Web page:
The law of the state chosen by the parties to govern their contractual rights and duties will be applied . . . unless . . . (b) application of the law of the chosen state would be contrary to a fundamental policy of a state which has a materially greater interest than the chosen state in the determination of the particular issue and which, under the role of section 188, would be the state of the applicable law in the absence of an effective choice of law by the parties.

Restatement (2d) of Conflict of Laws §187(2) (1988). In determining the enforceability of a contractual choice-of-law provision the court must first determine (1) whether the chosen state has a substantial relationship to the parties or transaction or (2) whether there is any other reasonable basis for the parties' choice of law. If either test is met then the court must next determine whether the chosen state's law is contrary to a fundamental policy of California. If there is no conflict, the court must enforce the parties' choice of law. If there is a fundamental conflict with California law, the court must then determine whether California has a materially greater interest than the chosen state in the determination of the particular issue. If California has a materially greater interest, then the choice-of-law provision will not be enforced. See Nedlloyd, 3 Cal.4th at 464-466.

Here, the parties do not dispute that there was a reasonable basis for the selection of the state substantive law where plaintiffs Hall, Chunn, Giles, and Harmon reside. The parties only dispute whether California has a materially greater interest than either Maryland, Mississippi, or Illinois. Here, the court concludes that the law of California on the issue of class action waivers is fundamentally at odds with the laws of Maryland, Mississippi, and Illinois. Whereas California law holds class action waivers unconscionable and therefore unenforceable, see Am Online Inc. v. Superior Court, 90 Cal.App.4th 1, (2001), such waivers, as noted in the following section, are routinely enforced in Maryland, Mississippi, and Illinois.

The court also concludes that the states of Maryland, Mississippi, and Illinois have a materially greater interests than California. Under traditional choice of law rules, courts consider the place of negotiation of the contract, the place of performance, the location where the alleged wrong occurred, and the location where the parties reside. See Restatement §188. Here, all of these factors weigh in favor of applying the law of plaintiffs' residence to the dispute amongst the parties.*fn1 Moreover, it is difficult to see that California has anything other than a minimal interest in applying its laws to residents of Maryland, Mississippi and Illinois for alleged wrongs occurring outside its territory.

In sum, the court concludes that Maryland, Mississippi, and Illinois have a materially greater interest than California in determining the rights and duties of the parties. The court therefore applies the substantive law of Maryland, Mississippi, and Illinois to the arbitration provision.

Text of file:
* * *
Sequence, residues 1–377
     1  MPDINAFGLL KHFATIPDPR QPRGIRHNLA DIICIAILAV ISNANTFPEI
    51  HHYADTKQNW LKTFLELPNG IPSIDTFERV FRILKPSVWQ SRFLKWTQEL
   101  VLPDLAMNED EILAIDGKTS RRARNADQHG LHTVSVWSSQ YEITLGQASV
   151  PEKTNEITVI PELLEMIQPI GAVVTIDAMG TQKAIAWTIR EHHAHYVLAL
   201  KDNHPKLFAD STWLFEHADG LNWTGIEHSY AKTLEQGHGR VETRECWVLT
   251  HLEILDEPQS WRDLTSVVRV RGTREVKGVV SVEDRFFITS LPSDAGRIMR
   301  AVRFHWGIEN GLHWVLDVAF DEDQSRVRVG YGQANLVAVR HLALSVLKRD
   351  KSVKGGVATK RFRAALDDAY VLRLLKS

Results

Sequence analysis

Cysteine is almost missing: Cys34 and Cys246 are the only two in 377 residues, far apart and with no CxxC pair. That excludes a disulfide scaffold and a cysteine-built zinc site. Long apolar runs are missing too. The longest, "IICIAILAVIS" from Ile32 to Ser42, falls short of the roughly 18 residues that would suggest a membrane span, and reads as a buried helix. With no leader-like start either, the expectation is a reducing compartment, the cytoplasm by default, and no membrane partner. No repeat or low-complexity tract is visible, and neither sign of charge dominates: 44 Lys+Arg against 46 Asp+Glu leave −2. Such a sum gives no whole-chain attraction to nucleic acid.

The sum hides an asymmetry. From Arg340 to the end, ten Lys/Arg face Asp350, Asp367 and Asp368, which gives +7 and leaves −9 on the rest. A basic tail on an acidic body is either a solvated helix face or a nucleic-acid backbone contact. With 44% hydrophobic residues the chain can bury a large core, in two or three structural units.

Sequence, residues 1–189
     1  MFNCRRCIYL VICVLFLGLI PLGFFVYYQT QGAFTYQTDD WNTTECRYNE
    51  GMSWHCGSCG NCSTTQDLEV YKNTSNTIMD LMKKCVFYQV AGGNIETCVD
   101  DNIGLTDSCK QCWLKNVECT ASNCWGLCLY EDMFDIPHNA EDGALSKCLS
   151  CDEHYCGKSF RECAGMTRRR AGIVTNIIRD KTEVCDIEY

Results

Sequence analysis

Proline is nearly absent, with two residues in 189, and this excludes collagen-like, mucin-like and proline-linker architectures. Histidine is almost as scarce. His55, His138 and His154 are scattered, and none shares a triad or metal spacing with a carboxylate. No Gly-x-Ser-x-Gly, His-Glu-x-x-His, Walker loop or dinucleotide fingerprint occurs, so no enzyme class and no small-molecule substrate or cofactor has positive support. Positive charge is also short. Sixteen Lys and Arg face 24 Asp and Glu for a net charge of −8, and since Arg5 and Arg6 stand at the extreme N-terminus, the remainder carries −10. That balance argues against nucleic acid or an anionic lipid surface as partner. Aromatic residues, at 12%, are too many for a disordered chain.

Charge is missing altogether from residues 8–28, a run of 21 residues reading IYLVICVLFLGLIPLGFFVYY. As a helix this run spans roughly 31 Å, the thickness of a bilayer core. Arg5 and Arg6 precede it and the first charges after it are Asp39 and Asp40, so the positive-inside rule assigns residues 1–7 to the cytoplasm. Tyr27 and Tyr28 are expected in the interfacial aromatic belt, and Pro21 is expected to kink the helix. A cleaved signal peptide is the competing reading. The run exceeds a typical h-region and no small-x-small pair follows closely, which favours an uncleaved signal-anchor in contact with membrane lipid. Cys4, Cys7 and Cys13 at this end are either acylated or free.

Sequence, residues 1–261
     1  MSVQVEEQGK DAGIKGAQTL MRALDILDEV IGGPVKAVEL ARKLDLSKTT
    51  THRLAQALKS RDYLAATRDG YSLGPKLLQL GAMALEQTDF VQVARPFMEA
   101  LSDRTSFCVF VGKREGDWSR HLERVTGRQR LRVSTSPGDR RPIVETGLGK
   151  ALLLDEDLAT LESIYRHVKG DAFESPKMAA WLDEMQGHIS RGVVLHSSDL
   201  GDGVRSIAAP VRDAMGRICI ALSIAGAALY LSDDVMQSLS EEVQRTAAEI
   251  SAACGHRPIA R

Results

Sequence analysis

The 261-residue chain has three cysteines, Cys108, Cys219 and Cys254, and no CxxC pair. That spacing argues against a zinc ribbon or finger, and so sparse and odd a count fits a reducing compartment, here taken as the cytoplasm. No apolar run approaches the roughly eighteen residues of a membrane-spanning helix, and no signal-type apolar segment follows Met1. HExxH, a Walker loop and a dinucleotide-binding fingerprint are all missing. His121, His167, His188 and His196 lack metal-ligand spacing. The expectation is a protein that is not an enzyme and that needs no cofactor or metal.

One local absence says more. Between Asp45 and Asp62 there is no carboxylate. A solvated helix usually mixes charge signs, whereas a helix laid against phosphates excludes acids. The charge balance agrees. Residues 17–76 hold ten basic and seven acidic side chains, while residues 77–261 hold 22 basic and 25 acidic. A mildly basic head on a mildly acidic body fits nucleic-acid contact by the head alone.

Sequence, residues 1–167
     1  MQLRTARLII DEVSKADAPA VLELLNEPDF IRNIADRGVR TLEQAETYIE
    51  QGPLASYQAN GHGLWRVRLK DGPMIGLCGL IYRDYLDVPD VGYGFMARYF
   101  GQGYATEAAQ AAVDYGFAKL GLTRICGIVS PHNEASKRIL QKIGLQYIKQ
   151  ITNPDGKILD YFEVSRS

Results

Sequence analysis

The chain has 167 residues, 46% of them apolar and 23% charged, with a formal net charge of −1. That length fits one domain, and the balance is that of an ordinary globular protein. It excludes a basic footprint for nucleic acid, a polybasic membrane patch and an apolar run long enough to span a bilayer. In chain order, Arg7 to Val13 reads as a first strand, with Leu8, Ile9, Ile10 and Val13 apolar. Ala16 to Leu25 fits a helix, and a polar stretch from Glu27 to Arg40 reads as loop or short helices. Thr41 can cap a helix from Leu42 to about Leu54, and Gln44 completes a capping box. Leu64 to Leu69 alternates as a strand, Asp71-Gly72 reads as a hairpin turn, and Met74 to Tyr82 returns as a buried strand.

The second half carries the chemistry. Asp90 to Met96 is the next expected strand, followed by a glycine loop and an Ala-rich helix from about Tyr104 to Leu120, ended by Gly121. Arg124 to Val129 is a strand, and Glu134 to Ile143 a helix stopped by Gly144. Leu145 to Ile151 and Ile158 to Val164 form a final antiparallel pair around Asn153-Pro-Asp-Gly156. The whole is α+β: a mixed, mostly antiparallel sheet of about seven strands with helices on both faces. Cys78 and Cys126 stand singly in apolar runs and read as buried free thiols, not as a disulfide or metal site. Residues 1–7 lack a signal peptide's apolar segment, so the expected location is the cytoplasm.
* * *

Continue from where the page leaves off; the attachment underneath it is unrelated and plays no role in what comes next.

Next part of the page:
Maryland Law

Arbitration provisions providing for the waiver of class actions are routinely enforced in Maryland. See Walther v. Sovereign Bank, 386 Md. 412, 8721 A.2d 735 (2005); Doyle v. Finance America, LLC., 174 Md. App. 370, 918 A.2d 1266 (2007), Snowden v. Checkpoint Check Cashing, 290 F.3d 631 (4th Cir. 2002). In Walther, consumers sought to bring a class action against a mortgage lender challenging various fees assessed in mortgage loan transactions. In order to avoid the class action waiver contained in the arbitration provision, the plaintiff, relying on several decisions originating in California state and federal courts, argued, among other things, that the class action waiver was unconscionable:

[W]e would be averse to a holding in the present case which would allow petitioners to avail themselves of a class action contrary to the provisions or a freely-signed agreement to arbitrate that includes a no-class action provision which was conspicuously presented as a part of the arbitration clause. Petitioners do point out cases in which courts have adhered to an unquestionably minority view that finds that a no-class-action provision in an arbitration agreement can make the agreement unconscionable and unenforceable [citing Ting v. AT&T, 319 F.3d 1126, 1150 (9th Cir. 2003); Szetela v. Discovery Bank, 97 Cal.App.4th 1094 (2002), and other California authority]. Insofar as these cases are for the proposition that a no-class-action provision in an arbitration agreement is so one-sided as to make that agreement unconscionable, we are unpersuaded. We cannot ignore the strong policy, made clear in both federal and Maryland law, that favors the enforcement of arbitration provisions.

A.2d at 750-01.

Similarly, in Doyle v. Finance America, LLC, 173 Md. App. 370, 918 A.2d 1266 (2007) the Maryland Appellate Court upheld the validity of an arbitration provision containing a class action waiver. The consumer plaintiffs argued that the class action waiver should be construed to preclude only class-wide arbitrations but not class actions in court. The court noted that "if the Agreement bars the filing of a class action claim in arbitration, there can be no filing of a class action claim at all." Id. at 1268. The court also noted: "Although a minority of jurisdictions take the position that 'no-class-action' provisions are unenforceable, Maryland stands firm in the majority." Id. at 1271 n.6.

In sum, the court grants the motion to compel plaintiff Christina Hall to arbitrate her claims against T-Mobile.

Mississippi Law